Bug #94739 Always allow root to log in via UNIX socket
Submitted: 21 Mar 2019 16:53 Modified: 2 Apr 2019 13:51
Reporter: Felipe Gasper (OCA) Email Updates:
Status: Unsupported Impact on me:
Category:MySQL Server Severity:S4 (Feature request)
Version: OS:Any
Assigned to: CPU Architecture:Any

[21 Mar 2019 16:53] Felipe Gasper
Given that the root user has full access across the server anyway, is there anything gained by requiring that root give a password when logging in via UNIX socket?

It would radically simplify, e.g., administrator account password resets if local access to the DB were always allowed for the system administrator, without need of a password. All of the “--init-file” messiness could just go away because anyone who can restart the server would be able to log in anyway.

How to repeat:
n/a - feature request

Suggested fix:
Apply enough of the logic from the auth_socket plugin to allow the system “root” user to log in without a password.
[21 Mar 2019 20:21] Felipe Gasper
Addendum: message sent to David Stokes giving more context to this issue:

	We met a couple years back in Toronto at LinuxCon. I’m one of the developers for cPanel, a popular web hosting automation platform.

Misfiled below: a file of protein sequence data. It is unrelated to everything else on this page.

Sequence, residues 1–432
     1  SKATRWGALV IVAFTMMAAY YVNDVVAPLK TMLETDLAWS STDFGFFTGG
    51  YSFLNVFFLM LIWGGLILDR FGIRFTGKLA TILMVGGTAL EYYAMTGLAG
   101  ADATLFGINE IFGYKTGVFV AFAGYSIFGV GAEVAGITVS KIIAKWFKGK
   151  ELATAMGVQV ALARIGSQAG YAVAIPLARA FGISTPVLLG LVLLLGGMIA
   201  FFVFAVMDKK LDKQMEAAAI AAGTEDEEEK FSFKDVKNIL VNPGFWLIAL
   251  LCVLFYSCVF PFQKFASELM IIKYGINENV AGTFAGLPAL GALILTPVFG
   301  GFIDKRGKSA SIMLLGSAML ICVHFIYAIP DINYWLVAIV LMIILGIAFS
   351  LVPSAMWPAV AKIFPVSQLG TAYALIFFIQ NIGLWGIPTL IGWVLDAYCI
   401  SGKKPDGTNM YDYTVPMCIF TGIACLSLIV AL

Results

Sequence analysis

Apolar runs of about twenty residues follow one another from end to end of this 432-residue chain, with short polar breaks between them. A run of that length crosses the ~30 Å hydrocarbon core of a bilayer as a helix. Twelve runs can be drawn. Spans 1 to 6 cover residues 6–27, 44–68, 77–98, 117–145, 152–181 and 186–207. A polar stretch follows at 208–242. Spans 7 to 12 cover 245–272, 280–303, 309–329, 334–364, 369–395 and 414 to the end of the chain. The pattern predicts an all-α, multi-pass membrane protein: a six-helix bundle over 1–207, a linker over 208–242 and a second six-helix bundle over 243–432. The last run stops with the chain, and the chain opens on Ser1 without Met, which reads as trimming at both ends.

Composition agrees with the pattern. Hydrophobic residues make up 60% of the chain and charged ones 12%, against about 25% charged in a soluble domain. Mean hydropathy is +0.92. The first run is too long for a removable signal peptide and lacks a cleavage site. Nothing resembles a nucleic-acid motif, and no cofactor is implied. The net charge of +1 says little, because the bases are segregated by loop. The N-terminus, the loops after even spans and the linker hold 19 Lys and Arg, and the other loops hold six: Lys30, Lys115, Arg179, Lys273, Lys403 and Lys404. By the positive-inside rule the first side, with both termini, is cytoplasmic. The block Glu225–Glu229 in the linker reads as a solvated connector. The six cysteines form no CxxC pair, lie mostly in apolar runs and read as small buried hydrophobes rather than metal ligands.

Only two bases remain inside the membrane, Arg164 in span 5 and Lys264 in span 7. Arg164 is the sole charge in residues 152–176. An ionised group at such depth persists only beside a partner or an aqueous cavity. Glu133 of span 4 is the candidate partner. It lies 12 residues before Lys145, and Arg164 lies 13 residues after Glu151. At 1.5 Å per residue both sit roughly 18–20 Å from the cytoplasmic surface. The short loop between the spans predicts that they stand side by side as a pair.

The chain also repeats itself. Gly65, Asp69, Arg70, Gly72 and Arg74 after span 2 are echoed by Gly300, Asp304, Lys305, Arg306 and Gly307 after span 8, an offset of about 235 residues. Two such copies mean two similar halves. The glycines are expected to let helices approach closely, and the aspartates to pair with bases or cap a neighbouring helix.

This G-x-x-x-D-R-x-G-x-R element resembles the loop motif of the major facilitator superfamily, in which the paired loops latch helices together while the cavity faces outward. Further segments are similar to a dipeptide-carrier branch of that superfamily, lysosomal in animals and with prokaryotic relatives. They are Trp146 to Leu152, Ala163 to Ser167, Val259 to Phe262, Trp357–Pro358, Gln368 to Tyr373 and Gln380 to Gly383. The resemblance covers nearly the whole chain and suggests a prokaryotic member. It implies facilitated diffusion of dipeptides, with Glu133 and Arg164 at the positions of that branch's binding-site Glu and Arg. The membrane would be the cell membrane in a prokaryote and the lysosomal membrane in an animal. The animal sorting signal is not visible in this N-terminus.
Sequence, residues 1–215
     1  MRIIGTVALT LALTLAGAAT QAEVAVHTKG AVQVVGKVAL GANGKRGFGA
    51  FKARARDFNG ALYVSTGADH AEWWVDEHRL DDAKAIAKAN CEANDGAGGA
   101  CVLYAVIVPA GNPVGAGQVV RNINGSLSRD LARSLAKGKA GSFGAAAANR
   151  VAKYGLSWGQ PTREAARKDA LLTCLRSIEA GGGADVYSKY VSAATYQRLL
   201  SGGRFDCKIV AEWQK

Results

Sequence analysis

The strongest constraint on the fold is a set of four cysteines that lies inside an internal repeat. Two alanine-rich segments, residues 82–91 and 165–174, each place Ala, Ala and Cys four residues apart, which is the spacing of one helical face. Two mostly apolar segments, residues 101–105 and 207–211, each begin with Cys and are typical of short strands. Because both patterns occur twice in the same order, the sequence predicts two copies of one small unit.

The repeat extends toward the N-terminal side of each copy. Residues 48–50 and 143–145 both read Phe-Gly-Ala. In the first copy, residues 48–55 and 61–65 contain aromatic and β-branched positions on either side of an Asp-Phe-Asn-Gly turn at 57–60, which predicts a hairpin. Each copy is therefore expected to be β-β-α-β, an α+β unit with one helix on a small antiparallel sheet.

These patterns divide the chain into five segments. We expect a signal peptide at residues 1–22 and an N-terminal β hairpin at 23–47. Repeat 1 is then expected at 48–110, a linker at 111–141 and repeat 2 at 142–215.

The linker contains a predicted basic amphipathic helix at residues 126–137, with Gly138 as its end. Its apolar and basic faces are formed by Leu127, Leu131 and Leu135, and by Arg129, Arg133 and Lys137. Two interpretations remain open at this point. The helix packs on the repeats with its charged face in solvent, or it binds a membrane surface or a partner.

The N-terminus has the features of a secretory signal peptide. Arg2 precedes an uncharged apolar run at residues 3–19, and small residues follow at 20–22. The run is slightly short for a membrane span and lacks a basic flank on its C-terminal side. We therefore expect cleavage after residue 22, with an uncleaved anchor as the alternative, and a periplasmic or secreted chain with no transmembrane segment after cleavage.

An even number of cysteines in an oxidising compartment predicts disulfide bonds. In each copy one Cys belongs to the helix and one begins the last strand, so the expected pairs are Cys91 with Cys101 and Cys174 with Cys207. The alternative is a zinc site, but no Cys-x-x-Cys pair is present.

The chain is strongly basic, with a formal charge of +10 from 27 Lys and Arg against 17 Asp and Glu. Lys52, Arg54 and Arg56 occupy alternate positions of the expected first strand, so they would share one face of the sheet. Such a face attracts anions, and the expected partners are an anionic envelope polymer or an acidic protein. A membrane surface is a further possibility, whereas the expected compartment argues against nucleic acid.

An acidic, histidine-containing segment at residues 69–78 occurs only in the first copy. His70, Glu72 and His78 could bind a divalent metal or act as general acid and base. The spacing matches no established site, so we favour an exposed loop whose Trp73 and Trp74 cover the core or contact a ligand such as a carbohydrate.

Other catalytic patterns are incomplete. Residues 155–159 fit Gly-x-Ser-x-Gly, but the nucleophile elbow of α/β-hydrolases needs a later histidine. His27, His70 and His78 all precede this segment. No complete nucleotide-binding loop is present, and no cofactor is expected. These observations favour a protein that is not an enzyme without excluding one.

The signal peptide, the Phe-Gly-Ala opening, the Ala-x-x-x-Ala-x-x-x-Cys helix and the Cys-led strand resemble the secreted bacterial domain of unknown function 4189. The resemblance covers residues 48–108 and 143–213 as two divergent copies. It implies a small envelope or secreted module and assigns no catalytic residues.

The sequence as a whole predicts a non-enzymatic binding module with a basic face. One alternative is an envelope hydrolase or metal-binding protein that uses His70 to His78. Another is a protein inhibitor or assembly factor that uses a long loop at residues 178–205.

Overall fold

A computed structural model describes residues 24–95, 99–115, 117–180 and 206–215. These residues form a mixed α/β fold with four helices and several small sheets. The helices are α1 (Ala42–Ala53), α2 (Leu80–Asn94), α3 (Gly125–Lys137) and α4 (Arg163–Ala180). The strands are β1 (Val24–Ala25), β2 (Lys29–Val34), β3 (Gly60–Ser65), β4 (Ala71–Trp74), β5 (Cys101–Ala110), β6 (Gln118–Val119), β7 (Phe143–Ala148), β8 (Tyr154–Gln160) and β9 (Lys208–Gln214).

We’ve just noticed a longstanding problem with cPanel’s workflow for MySQL 5.7 installs; we hadn’t realized that the “mysqld --initialize” command creates a “dummy” password that is stored in the error log. Because of this we were doing a full reset of the password, with server restart, which can cause race safety problems with improvements we’ve recently made to our cPanel installation logic.

	It’s a bit awkward for us to work with this, as it necessitates parsing a log file to extract the password. We also don’t want to do “--initialize-insecure”, of course, and leave the entire DB wide open.

	I’ve opened an enhancement request that I think would radically simplify this situation: https://bugs.mysql.com/bug.php?id=94739

	The current procedure for resetting an admin password is a rather messy one. That all would go away under this setup: since mysqld knows (via getsockopt(2)) that the system “root” user is the one who’s connecting in the first place, mysqld can trust the login without a password. In effect, there would be no need for an administrator password over UNIX sockets. Thus, there would be no need for server restarts if /root/.my.cnf goes away for whatever reason.

	What would be a timeframe for when your team might give this idea some consideration? As an expedient to the process, would a patch be considered if I were to submit one?

	Thank you for your time!